My youngest niece, adopted just one year ago from China, now age 4, is afraid of dogs. She has seen my puppy, likes to look at her from a distance, and crawls up her dad’s leg and into his arms if Hattie gets too close. She wants to love Hattie, but that fear lurks.
Every time I see E, she asks, without fail, “Where is you little Hattie.” No, that is not a typo. That’s how she phrases the question. And my answer, every time, without fail, is, “She is at my house taking a nap in her box.” This dependable exchange always gets a smile from the older children.
This morning, she added this question, “Why you Hattie not go to church?” So I answered that church is for people, and Hattie goes once a year to get blessed.
Whoa. My middle nephew opened my eyes to the imagination of a child. It is always startling when this happens, and I am always left with wonder, and a bit of sadness that adults have lost this gift. M said, “What if there was dog church?”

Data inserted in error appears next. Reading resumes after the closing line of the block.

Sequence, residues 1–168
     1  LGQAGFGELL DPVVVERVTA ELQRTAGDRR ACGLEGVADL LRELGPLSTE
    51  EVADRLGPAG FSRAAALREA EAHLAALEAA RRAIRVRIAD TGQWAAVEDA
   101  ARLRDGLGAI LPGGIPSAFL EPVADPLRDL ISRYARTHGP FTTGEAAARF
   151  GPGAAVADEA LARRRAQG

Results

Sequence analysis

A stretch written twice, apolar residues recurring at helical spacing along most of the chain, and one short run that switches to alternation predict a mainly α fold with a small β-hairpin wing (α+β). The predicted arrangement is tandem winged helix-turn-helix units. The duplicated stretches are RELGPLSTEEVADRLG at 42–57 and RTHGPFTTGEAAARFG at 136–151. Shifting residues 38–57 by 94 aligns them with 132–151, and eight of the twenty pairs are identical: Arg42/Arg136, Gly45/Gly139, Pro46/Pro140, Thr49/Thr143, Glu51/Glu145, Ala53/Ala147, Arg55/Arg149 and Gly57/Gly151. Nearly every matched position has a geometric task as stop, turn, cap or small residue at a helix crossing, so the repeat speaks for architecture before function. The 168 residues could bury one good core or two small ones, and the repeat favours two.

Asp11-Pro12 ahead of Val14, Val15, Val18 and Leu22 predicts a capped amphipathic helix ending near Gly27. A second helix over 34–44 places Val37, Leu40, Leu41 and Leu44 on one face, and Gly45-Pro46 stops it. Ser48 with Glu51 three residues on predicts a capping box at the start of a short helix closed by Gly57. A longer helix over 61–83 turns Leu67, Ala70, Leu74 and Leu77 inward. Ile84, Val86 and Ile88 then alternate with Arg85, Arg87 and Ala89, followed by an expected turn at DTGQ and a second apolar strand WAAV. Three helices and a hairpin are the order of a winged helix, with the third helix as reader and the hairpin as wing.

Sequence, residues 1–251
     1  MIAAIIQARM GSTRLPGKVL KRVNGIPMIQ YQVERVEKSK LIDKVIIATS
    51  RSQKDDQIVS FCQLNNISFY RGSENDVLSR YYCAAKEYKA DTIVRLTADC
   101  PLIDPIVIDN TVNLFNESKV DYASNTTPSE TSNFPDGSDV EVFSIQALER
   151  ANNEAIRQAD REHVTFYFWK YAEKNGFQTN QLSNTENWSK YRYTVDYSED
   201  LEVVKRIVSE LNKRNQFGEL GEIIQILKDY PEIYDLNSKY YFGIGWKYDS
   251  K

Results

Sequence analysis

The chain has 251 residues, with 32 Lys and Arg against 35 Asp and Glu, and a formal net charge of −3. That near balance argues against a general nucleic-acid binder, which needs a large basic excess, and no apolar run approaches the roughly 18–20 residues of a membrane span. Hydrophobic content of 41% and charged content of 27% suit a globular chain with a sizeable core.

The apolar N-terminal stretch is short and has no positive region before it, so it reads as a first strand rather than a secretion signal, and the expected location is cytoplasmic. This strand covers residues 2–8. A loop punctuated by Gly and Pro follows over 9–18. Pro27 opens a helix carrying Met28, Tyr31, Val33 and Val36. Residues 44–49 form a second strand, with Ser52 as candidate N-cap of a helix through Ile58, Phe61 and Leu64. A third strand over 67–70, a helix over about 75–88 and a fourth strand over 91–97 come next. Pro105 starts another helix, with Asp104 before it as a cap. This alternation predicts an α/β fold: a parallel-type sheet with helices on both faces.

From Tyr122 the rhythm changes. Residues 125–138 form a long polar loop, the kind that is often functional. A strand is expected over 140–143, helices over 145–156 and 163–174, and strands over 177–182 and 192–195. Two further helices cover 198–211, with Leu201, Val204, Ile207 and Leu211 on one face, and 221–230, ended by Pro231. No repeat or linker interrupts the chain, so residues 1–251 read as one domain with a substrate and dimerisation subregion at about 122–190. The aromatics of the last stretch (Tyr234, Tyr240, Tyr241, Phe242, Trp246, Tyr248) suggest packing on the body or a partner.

So the kids began to imagine…a black doggie, with white at the neck, dressed in a purple sweater. (It is Lent, and that is the vestment color for the priests.) This would be the leader of the doggy church. What would that leader say?
I mentally began to fill in this image. He would tell his pack to come when called. He would tell them to love one another (and their neighbors), unconditionally. He would tell them of forgiveness and hope. Doesn’t every beloved dog forgive his human parents? Doesn’t every beloved dog love his family with unsurpassed loyalty? Doesn’t every cared for dog hopefully and frequently visit the food bowl on the chance that there might be something wonderful there at any time of day?
You draw your own conclusions from this metaphor, but as for me…I am reminded of the wisdom of children and the love of dogs, and how much we have to learn if we just pay attention. I wonder what the Mass times are for Dog Church. I bet it’s held at St. Bernard’s.